The internecine warfare of our politics often prevents focus on long-term problems. And, boy, do we have them.
Recent stories laid bare two looming icebergs that will sink Kentucky’s future prosperity: Most of our children can’t read or do math at grade level, and half the state’s adults aren’t working.
Starting with education, the most recent test scores are – charitably – atrocious. About 40% of Kentucky students are reading at grade level and about 30% are proficient in math, according to the spring 2021 testing done across the state. Formerly known as the K-PREP, the testing is now called the Kentucky Summative Assessment.
The scores were even worse in Louisville, where “roughly one in three students in Jefferson County, the state’s largest district, are reading on grade level. A little more than one-fifth of JCPS students are where they’re supposed to be in math ...,” according to the Louisville Courier Journal’s test score analysis.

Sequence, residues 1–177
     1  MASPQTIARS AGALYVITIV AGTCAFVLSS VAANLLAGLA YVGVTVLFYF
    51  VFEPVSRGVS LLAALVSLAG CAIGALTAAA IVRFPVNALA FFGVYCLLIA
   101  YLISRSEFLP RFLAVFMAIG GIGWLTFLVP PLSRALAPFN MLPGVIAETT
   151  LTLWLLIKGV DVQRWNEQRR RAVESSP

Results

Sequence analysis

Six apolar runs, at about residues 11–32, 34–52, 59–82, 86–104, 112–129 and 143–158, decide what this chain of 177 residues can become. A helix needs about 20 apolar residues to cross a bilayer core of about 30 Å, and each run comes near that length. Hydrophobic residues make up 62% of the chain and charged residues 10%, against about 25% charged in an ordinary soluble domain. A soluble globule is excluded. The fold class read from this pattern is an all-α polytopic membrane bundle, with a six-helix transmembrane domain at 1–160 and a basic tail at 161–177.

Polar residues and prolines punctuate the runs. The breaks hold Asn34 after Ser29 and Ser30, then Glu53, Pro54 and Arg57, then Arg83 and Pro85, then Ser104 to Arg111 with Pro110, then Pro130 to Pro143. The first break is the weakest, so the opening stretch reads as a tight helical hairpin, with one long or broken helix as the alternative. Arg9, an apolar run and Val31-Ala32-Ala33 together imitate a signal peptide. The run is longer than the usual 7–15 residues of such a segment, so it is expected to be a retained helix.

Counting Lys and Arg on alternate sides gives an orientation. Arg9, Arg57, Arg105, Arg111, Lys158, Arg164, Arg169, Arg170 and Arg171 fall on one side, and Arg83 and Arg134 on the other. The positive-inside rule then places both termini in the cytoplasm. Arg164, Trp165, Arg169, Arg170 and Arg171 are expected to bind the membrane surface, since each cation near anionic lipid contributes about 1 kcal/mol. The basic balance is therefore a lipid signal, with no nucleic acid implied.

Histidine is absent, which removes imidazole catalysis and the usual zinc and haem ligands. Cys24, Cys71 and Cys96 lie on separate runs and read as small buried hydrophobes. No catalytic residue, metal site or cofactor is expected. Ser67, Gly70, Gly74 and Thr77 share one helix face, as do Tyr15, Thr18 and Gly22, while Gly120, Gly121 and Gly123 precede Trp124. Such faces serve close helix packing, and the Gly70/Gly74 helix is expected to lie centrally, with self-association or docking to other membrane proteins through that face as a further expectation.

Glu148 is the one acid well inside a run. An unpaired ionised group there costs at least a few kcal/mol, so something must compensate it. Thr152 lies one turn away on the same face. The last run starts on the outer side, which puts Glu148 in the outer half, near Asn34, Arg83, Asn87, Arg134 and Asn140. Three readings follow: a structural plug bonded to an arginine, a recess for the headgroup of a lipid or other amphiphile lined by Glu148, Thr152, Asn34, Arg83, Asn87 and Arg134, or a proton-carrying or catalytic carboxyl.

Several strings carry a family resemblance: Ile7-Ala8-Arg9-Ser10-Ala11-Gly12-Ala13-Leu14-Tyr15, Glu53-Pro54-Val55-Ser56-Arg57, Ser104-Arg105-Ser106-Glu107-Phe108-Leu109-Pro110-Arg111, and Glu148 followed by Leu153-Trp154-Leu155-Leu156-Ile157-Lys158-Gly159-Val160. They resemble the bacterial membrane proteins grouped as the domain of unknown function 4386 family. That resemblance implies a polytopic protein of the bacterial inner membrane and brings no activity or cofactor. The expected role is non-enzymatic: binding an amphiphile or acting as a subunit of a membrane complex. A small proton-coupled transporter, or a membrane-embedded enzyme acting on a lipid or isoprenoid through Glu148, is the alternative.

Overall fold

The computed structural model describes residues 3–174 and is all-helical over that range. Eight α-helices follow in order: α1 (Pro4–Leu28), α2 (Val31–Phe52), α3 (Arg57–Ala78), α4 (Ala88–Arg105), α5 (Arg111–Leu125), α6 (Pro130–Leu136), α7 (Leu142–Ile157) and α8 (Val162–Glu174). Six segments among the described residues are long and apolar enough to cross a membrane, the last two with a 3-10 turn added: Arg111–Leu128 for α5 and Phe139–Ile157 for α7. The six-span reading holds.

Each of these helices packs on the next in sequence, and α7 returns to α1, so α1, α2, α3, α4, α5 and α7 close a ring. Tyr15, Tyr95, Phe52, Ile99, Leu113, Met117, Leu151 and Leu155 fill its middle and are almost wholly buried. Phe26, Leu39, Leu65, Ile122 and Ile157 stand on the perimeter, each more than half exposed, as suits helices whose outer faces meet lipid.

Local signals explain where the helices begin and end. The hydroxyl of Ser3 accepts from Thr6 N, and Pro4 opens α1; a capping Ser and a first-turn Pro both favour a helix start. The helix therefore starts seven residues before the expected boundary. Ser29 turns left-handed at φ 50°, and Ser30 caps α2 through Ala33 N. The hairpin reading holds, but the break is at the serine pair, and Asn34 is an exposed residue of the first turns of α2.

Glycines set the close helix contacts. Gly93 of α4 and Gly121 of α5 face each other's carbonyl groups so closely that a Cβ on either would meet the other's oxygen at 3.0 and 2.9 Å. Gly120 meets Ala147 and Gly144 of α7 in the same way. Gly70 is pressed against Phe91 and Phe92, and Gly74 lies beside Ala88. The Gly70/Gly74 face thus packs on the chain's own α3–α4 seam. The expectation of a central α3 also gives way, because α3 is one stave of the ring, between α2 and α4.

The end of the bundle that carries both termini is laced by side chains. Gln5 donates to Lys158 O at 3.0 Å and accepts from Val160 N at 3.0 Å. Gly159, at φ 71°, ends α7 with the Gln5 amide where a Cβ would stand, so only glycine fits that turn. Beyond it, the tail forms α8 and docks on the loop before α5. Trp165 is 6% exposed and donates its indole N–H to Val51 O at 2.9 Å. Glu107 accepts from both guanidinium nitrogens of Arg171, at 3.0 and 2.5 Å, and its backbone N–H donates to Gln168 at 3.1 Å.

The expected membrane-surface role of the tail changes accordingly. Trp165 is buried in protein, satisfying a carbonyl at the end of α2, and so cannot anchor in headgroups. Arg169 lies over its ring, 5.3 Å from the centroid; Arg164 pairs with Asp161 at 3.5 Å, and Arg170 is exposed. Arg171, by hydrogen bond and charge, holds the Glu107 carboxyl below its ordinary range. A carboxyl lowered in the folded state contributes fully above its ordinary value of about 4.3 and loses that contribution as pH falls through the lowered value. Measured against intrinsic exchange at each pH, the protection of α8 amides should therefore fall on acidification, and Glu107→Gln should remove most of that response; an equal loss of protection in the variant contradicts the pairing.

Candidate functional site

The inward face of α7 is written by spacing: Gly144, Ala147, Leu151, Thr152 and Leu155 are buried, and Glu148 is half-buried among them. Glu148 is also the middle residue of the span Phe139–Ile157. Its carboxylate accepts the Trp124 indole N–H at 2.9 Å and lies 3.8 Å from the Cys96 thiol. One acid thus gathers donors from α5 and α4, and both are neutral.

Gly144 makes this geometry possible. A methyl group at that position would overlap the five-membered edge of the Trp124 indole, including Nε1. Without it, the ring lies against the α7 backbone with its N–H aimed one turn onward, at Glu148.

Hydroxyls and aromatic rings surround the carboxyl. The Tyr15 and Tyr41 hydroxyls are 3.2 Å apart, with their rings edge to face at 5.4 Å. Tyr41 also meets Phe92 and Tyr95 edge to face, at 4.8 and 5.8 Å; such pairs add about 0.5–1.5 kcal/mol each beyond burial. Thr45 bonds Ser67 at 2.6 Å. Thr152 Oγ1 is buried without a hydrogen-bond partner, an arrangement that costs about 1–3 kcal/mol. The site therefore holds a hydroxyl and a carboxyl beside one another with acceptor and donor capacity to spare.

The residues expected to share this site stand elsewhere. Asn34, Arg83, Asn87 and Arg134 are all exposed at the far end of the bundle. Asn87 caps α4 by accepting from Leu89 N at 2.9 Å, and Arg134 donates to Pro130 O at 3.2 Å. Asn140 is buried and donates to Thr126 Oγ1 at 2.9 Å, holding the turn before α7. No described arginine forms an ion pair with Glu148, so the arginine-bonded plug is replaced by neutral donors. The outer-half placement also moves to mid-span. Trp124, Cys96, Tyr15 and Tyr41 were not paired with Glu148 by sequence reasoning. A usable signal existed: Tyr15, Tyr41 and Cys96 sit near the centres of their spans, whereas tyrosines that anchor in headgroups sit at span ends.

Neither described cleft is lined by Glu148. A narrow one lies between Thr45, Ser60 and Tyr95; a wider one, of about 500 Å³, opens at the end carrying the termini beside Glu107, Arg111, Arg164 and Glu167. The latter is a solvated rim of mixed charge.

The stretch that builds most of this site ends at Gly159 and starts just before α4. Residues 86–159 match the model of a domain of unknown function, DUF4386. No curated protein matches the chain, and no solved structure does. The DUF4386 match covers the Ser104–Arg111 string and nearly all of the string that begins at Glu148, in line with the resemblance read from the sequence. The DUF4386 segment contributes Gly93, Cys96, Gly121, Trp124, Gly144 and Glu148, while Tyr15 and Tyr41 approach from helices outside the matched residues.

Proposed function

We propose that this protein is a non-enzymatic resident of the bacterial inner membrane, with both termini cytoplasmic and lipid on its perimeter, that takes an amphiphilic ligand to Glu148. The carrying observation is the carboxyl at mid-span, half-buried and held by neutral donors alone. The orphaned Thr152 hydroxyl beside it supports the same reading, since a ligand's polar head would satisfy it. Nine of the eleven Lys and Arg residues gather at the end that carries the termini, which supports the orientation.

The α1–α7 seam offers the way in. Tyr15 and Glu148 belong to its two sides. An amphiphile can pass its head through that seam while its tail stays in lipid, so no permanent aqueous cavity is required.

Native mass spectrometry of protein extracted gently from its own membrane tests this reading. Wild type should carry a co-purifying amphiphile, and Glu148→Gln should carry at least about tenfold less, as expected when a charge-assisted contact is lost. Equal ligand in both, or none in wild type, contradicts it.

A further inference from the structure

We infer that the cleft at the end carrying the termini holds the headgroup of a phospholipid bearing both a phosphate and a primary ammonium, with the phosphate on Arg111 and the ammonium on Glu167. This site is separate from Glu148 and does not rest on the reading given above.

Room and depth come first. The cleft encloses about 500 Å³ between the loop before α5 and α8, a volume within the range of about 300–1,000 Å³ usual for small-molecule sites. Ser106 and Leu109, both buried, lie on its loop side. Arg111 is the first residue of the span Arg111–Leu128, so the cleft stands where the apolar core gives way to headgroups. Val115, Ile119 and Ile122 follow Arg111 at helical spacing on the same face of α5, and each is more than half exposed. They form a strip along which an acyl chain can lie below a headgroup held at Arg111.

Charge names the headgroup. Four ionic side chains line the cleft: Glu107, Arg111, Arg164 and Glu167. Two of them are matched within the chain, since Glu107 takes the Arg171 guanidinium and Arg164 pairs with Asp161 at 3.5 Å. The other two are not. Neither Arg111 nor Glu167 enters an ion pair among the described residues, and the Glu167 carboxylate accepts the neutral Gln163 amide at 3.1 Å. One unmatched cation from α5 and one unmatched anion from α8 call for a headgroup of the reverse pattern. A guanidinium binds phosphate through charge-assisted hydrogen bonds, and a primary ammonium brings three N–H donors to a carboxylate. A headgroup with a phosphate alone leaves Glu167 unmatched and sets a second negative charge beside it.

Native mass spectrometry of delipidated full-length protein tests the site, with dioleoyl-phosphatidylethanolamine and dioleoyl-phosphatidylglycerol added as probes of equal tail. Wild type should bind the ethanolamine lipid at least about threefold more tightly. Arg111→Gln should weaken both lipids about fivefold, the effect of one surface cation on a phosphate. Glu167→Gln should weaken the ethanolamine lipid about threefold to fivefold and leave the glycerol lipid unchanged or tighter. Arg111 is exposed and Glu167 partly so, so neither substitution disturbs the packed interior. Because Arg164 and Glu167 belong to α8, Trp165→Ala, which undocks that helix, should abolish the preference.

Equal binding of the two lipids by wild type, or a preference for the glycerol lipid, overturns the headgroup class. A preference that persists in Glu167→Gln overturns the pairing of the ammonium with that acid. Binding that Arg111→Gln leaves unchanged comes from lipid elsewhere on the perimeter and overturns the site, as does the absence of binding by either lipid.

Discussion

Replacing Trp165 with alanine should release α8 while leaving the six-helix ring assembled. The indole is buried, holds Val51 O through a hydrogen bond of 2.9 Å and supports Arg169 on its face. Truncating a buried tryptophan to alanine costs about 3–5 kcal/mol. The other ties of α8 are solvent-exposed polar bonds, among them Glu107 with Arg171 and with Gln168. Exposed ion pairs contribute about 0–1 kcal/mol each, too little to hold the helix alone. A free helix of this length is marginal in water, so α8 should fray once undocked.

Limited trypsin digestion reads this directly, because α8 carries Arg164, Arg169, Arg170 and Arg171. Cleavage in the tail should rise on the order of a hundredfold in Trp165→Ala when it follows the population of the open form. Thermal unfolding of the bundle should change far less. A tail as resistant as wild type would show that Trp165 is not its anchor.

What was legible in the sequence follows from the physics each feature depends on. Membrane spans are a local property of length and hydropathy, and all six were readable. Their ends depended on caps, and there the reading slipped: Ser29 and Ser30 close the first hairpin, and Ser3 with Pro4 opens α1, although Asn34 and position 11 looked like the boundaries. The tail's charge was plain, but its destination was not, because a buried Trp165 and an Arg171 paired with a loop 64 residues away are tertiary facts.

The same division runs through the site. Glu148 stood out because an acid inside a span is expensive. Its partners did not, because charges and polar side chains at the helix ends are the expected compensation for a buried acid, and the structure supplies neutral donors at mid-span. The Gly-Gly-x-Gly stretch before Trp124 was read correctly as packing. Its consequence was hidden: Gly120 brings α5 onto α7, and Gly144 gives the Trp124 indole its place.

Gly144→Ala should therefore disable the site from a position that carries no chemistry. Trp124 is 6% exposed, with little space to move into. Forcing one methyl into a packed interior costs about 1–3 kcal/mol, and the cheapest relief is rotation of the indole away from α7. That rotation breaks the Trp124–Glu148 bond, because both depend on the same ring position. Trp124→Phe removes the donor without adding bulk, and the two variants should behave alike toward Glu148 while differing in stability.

It’s obvious that COVID school closures, which were draconian and unnecessary according to international experts, dramatically derailed the academic path for thousands of Kentucky children and exacerbated the gulf between rich and poor. Jefferson County schools were among the last to reopen, and keeping Louisville’s children at home was a disastrous policy decision.
“Gaps in reading scores between JCPS students living at or near the poverty line and their wealthier classmates appear to have grown,” said the Courier Journal data analysis, which tracks with Yale University’s researchers who found “children living in the poorest 20% of U.S. neighborhoods will experience the most negative and long-lasting effects of school closures.”
Incredibly, the answer from our state’s educational regime was to denigrate the test and the results. Kentucky Education Commissioner Jason Glass tried – and failed – to cancel the test altogether, while JCPS Superintendent Marty Pollio said the Biden administration denying Glass’ request to cancel was “probably the most disappointed I’ve been in a governmental agency.”